Viranesir was formed as one of my side projects to fuel my main bands YAYLA and BLLIIGGHHTTED. Over time it became a crazy project with crazy music and crazier subject matter! I have songs called ” Heil Hitler!”, “Armenian Genocide Is Amazing”, “Child Molesting Rapist Murderer”, “I Only Like Jews When They Kill Muslims”, “I Only Like Gays When They Scream Like The Opposite Sex As I Rape Them”. I am not a nazi, nor a homphobe. I am half Turkish half Armenian (not exactly Aryan now is it:), and bisexual (aka I proudly suck cock). Not to say I have never been offensive, I have been very offensive… The most offensive thing I have ever done was to put Hitler’s name on an album on the cover of which I appear in drag (neo-nazis must have got very offended by this, I apologize guys), and saying I Love Torturing Defenseless Creatures And Eating Them referring to what I enjoy everyday as a meat eater, or perhaps say Rats Flock Into The Temple referring to Muslims (need I say more). All I ever did was to pull these taboo subjects out of their untouchable contexts and open them up for discussion, because they are very stupid and personally through a sense of humor, better be opened up for discussion in my opinion. The idiots in bandcamp didn’t get it and banned me, big deal.
What if a band is really a fucking nazi or homophobic band?
I really feel sorry for them because they will be shut up. Oh yes, I feel sorry for Homophobic, Rapist, Supremacist, Seperatist musicians and all those people. How evil I must seem to some for feeling sorry for confused people trying to express themselves through art. And the ones shutting them up will not even give them an explanation as if it was the word of Allah that they be shut up. I was suicide bombed by Jihadists of bandcamp last week, I was there and no longer am without any explanation. All my presence wiped out. Suddenly and effectively I am completely gone. Who am I to break the word of their Allah with my art? who am I to question their divine law of “Political Correctness”.
You have not stopped abuse bandcamp, you just stopped someone expressing abuse. There will be no less racist, sexist, pedophile, abusive people in the world because of what you did, there will just be less people thinking about those subjects. I congratulate you! I will continue making Entartete Kunst, wether pieces of shit like you allow me to be on your website or not! Fascist SCUM!!!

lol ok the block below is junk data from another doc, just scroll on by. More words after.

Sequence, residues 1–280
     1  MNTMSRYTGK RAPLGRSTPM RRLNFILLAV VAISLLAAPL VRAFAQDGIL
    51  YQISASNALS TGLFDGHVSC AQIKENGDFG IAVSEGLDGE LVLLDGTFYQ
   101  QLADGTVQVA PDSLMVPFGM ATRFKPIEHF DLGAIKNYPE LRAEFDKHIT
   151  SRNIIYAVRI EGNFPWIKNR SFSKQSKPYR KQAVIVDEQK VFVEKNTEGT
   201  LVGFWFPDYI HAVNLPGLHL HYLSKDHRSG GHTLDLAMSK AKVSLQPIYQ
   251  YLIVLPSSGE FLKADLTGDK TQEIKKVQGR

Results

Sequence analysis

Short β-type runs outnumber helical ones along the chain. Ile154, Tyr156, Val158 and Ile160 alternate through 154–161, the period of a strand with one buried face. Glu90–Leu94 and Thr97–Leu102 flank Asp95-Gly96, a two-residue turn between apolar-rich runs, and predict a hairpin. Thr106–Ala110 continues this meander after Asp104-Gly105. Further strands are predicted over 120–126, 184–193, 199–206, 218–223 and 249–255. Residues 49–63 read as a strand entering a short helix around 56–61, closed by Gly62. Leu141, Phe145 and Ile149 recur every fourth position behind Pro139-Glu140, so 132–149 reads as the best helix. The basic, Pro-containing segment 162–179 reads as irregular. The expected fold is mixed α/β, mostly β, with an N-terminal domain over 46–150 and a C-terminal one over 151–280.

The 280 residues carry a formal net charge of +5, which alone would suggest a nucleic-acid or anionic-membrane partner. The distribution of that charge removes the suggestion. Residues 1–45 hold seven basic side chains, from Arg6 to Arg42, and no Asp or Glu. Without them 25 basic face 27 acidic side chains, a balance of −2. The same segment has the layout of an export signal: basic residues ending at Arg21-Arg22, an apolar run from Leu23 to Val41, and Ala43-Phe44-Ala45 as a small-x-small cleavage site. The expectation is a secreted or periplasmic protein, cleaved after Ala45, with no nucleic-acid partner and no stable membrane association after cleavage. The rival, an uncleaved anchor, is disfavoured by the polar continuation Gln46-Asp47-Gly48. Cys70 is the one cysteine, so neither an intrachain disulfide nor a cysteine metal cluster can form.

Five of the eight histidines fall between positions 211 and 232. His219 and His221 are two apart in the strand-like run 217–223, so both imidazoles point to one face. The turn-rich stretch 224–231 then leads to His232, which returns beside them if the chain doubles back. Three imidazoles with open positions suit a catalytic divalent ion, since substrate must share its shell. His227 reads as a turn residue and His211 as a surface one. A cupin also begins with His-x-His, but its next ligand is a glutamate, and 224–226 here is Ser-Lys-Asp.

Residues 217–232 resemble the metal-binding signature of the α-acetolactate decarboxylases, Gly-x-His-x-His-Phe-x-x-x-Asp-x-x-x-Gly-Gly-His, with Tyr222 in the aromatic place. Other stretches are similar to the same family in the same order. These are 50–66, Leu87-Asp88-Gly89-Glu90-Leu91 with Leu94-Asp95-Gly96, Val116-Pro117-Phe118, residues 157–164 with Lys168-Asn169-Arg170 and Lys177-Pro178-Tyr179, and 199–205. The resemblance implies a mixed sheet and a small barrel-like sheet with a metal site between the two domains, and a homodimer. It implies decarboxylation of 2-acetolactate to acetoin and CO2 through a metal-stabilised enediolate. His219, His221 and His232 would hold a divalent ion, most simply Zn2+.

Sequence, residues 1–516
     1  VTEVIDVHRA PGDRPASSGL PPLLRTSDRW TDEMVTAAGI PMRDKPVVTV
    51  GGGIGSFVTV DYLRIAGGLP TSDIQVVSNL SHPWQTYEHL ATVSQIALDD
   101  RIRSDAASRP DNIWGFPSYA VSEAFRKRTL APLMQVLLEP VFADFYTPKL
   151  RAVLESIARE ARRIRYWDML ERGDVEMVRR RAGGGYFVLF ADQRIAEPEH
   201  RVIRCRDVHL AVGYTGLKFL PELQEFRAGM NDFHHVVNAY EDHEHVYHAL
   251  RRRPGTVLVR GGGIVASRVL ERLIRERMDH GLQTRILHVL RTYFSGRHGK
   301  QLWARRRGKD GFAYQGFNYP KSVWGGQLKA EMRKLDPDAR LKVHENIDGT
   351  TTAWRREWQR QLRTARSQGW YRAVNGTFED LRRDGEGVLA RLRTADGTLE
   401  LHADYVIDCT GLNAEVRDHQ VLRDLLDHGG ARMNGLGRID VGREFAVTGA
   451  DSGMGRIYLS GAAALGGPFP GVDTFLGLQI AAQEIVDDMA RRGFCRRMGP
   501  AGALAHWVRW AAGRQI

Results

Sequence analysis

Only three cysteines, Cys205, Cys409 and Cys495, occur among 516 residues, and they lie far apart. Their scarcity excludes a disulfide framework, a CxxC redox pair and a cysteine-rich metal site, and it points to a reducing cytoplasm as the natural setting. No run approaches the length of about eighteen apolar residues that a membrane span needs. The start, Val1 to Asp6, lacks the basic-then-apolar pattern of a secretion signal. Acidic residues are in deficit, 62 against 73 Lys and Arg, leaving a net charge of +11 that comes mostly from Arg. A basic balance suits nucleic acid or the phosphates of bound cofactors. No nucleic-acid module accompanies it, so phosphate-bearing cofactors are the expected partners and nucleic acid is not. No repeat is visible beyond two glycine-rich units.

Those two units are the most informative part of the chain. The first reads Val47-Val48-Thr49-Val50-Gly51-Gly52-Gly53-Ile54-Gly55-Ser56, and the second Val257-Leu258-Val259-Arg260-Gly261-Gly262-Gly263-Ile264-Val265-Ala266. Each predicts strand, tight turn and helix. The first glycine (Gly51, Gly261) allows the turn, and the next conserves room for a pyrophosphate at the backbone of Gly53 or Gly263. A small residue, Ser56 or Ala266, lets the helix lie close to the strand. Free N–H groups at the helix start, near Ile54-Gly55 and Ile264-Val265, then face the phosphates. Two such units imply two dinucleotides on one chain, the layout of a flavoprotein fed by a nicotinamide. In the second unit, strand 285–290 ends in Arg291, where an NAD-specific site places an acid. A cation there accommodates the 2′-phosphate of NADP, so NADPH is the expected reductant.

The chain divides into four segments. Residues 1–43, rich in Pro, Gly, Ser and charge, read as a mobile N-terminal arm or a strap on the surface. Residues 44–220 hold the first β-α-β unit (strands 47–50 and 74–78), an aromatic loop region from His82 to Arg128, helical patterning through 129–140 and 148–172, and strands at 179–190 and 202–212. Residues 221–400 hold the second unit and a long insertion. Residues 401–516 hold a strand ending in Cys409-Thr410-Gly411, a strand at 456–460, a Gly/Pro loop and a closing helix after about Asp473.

In the meantime, you can route around this censorship by going to the label web site and exploring the material yourself. While Viranesir may not be at the top of your playlist, think to the future when some band you care about might be.
Since ancient times man has looked into both himself and nature around him as a portal into dimensions our species’ abilities are not adequately or readily prepared to perceive let alone understand. This is why and the sciences developed their theory and instruments which became increasingly specialized and compartmentalized, to the point that the ulterior workings of, for instance, chemistry and physics are not even truly understood by any single person but that have been recorded and detailed so that theories can be devised to model them. This is both a weapon for more precise understanding and a blindfold that prevents us from seeing the big picture. The ancient occult sciences attempted something contrary to this, which was to grasp at the phenomenon as a whole, not by measuring bits here and there, isolating them and attempting to harness them for mundane tasks, but rather seeing how everything interacted and describing it through metaphor and accepting that knowledge concerning reality cannot be taught or communicated: the path can only be hinted at but it is for each person to take.
|“We do not know it because we are fooling away our time with outward and perishing things, and are asleep in regard to that which is real within ourselves.”|